Thursday, December 11, 2008

Paul Krugman

Andrew Leonard of Salon interviewed Paul Krugman, Princeton economist, New York Times columnist, the 2008 Nobel Prize winner in economics, and author of the recently re-released The Return of Depression Economics.

One exchange from the interview:

In 1999, when the first version of "The Return of Depression Economics" was published, the title seemed provocative and its thesis was cavalierly dismissed by conservative economists. But today, fear rules the markets, John Maynard Keynes is back in fashion, and the stars of Milton Friedman and Alan Greenspan are fading. What's it been like to live through this, while, in effect, live-blogging the transition via the New York Times? Is republishing (and revising) the book a big "I told you so" to your critics?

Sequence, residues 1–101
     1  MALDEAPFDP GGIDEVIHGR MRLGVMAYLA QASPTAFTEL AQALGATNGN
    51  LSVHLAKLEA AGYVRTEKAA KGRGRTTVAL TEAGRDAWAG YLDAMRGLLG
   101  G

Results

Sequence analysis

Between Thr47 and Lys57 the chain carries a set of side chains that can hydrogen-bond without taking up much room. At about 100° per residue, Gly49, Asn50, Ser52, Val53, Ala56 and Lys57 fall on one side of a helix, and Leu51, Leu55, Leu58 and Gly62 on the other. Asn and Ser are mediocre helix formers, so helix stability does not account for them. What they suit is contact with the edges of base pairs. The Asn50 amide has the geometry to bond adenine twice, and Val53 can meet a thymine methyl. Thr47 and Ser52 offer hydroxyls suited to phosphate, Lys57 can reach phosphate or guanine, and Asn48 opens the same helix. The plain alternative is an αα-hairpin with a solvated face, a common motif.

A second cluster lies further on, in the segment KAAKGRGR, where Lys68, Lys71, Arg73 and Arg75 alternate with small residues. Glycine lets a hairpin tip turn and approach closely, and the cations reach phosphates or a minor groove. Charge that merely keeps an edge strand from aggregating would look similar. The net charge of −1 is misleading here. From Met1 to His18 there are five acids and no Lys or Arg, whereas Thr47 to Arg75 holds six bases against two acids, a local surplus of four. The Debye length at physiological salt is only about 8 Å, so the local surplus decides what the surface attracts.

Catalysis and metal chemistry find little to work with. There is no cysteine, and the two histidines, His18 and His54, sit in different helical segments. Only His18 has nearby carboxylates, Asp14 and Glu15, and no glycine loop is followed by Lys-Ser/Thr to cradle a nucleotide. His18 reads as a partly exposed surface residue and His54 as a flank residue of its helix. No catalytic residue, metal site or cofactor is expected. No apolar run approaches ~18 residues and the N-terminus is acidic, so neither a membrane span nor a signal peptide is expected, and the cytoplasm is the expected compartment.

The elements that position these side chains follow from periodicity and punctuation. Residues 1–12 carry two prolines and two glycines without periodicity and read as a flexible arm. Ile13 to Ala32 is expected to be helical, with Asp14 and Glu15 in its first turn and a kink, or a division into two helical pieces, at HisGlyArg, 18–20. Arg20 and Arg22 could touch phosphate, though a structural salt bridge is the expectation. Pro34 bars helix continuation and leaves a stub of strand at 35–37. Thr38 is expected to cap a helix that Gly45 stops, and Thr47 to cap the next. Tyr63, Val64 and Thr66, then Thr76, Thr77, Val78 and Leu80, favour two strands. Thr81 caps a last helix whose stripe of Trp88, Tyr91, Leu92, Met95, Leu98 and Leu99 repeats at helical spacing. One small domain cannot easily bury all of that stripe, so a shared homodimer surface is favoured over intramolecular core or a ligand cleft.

First of all, it apparently isn't that obvious that we're experiencing depression economics. Some economists, including some of the prominent econo-bloggers, are still insisting, despite everything that's going on, that there's no such thing as a liquidity trap and that the Fed can easily get the economy moving again. But anyway, yes, there's a part of me that's enjoying the vindication -- and there's probably a bit of "told ya so" in the book. On the other hand, this is really, really scary. I lead a pretty sheltered life financially, yet even so I have friends who've lost their jobs and/or much of their retirement savings, so this isn't abstract.

The one thing I guess I can say is that, right now, I'm doing the job the Times originally envisioned me doing, instead of the more political role I felt I had to take during the Bush years.
Read the complete interview.

--Marshal Zeringue